disease is expressed by the wild attempts and peculiarities with which the freed man,
the separated man, now tries to prove his rule over things! He wanders about savagely
with an unsatisfied lust; his booty must atone for the dangerous tension of his pride;
he rips apart what attracts him.8 With an evil laugh he overturns what he finds
concealed, spared until then by some shame; he investigates how these things look if
they are overturned. There is some arbitrariness and pleasure in arbitrariness to it, if
he then perhaps directs his favor to that which previously stood in disrepute--if he
creeps curiously and enticingly around what is most forbidden. Behind his ranging
activity (for he is journeying restlessly and aimlessly, as in a desert) stands the
question mark of an ever more dangerous curiosity. "Cannotall values be overturned?
And is Good perhaps Evil? And God only an invention, a nicety of the devil? Is
everything perhaps ultimately false? And if we are deceived, are we not for that very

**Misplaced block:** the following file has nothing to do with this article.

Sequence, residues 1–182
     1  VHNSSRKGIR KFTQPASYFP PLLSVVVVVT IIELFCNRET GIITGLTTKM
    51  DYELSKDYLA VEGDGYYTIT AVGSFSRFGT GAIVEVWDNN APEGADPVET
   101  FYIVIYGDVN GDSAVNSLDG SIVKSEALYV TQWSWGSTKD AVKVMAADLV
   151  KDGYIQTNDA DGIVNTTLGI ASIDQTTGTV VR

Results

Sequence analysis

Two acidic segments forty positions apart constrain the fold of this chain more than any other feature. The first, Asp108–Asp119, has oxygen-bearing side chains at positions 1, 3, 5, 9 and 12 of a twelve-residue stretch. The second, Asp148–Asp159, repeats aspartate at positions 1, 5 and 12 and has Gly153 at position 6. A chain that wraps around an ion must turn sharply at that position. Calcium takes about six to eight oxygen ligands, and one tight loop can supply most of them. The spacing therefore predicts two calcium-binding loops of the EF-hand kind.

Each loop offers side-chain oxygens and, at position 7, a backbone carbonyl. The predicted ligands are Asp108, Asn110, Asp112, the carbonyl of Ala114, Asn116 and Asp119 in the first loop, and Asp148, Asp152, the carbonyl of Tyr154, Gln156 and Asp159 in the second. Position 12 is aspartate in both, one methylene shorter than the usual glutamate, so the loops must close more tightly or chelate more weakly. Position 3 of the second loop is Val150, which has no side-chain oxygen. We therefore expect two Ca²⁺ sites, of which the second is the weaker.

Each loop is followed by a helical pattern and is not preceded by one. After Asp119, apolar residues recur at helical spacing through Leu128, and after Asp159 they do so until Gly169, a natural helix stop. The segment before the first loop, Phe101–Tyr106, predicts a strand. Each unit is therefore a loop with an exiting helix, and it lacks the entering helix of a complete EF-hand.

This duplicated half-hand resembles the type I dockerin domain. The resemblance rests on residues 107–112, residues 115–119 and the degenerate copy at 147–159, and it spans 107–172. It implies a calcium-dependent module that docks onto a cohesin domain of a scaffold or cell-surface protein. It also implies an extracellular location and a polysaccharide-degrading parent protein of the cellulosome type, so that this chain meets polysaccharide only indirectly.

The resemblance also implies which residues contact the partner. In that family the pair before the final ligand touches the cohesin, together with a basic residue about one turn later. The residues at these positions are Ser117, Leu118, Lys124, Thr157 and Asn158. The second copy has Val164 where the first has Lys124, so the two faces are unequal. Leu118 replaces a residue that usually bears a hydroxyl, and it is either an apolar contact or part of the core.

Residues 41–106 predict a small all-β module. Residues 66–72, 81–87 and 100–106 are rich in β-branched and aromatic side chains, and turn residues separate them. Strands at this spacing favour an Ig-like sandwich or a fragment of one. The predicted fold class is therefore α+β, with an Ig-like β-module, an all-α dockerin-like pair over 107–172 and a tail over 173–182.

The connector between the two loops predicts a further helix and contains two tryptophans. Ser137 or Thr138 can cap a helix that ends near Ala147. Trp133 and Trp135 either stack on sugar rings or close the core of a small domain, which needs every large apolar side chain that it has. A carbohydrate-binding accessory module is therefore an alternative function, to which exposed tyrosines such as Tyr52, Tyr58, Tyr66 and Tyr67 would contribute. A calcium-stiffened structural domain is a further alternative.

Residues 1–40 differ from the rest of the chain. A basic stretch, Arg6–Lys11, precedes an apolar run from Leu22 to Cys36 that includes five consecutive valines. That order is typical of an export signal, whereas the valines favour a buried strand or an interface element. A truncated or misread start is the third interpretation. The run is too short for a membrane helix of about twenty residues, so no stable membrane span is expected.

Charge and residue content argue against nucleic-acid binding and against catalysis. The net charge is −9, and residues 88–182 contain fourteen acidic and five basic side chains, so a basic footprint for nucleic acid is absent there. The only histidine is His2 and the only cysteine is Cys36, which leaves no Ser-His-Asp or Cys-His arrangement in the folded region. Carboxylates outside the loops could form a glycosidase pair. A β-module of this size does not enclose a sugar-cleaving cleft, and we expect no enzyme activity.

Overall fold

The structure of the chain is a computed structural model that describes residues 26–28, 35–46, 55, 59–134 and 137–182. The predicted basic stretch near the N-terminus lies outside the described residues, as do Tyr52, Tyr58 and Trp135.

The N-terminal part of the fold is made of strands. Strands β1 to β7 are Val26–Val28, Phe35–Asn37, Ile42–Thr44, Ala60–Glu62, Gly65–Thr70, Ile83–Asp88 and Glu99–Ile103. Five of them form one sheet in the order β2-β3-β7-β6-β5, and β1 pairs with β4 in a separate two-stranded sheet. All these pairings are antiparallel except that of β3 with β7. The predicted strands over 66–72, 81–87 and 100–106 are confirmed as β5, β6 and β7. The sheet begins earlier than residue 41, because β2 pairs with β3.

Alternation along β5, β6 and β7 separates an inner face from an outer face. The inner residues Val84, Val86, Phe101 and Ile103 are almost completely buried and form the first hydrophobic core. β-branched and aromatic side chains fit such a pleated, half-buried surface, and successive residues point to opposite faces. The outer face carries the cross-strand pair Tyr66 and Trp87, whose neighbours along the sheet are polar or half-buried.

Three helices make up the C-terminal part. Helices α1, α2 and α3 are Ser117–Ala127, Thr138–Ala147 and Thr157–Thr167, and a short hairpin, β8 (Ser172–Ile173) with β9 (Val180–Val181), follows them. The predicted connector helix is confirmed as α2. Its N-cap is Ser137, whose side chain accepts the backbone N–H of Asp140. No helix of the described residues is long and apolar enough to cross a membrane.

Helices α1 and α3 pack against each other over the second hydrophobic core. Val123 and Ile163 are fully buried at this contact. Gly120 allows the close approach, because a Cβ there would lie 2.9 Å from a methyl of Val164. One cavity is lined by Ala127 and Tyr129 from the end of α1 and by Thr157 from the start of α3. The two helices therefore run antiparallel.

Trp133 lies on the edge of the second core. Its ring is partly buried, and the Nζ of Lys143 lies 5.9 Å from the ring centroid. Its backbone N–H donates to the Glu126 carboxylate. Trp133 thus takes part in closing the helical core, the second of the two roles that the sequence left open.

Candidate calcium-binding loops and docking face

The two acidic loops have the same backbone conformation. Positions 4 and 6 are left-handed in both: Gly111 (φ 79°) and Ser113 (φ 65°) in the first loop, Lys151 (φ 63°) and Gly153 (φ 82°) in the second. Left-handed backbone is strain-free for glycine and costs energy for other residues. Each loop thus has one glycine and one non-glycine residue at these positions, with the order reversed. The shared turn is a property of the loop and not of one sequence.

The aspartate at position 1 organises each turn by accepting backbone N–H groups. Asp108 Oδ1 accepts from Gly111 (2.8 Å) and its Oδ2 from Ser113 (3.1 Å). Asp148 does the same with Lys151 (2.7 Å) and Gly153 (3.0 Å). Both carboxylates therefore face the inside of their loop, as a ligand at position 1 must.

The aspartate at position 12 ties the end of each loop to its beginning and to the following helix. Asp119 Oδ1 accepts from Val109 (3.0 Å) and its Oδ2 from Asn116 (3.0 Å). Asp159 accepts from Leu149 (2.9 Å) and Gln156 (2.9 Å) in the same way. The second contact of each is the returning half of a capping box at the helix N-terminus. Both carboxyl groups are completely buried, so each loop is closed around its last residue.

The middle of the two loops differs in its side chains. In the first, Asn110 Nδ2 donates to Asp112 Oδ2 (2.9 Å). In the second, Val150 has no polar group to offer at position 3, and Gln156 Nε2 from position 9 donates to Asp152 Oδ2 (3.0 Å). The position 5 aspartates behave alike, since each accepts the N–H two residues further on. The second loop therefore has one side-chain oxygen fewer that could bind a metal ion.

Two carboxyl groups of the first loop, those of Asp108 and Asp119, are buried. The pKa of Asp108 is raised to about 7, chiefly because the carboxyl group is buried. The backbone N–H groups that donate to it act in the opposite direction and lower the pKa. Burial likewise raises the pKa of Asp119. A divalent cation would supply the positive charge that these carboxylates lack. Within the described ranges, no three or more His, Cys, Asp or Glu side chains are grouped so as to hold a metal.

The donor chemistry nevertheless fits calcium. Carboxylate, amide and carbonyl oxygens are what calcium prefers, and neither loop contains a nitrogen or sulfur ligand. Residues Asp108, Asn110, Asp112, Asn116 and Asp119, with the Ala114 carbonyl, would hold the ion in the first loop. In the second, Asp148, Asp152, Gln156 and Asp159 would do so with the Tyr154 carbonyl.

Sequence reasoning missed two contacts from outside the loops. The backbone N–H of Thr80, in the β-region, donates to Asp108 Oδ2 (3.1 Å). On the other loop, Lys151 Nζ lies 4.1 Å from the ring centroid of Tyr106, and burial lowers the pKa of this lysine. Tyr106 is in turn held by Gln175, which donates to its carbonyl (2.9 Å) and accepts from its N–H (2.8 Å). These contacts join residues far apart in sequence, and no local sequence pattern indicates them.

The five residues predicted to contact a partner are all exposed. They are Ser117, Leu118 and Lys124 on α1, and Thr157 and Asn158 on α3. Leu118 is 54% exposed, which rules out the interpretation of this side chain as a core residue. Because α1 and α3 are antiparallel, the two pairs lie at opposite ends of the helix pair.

reason also deceivers?Must we not be deceivers, too?" Such thoughts lead and
mislead9 him, always further onward, always further away. Loneliness surrounds him,
curls round him, ever more threatening, strangling, heart-constricting, that fearful
goddess and mater saeva cupidinum10--but who today knows what loneliness is?

7. Losl\u00f6sung
8. er zerreist was ihn reitzt
9. f\u00fchren und verf\u00fchren ihn
10. wild mother of the passions

4It is still a long way from this morbid isolation, from the desert of these experimental

years, to that enormous, overflowing certainty and health which cannot do without
even illness itself, as an instrument and fishhook of knowledge; to thatm a t u re
freedom of the spirit which is fully as much self-mastery and discipline of the heart,
and which permits paths to many opposing ways of thought. It is a long way to the
inner spaciousness and cosseting of a superabundance which precludes the danger that
the spirit might lose itself on its own paths and fall in love and stay put, intoxicated, in
some nook; a long way to that. excess of vivid healing, reproducing, reviving powers,
the very sign ofg re a t health, an excess that gives the free spirit the dangerous
privilege of being permitted to liveexp erimentall y and to offer himself to adventure:
the privilege of the master free spirit! In between may lie long years of convalescence,
years full of multicolored, painful magical transformations, governed and led by a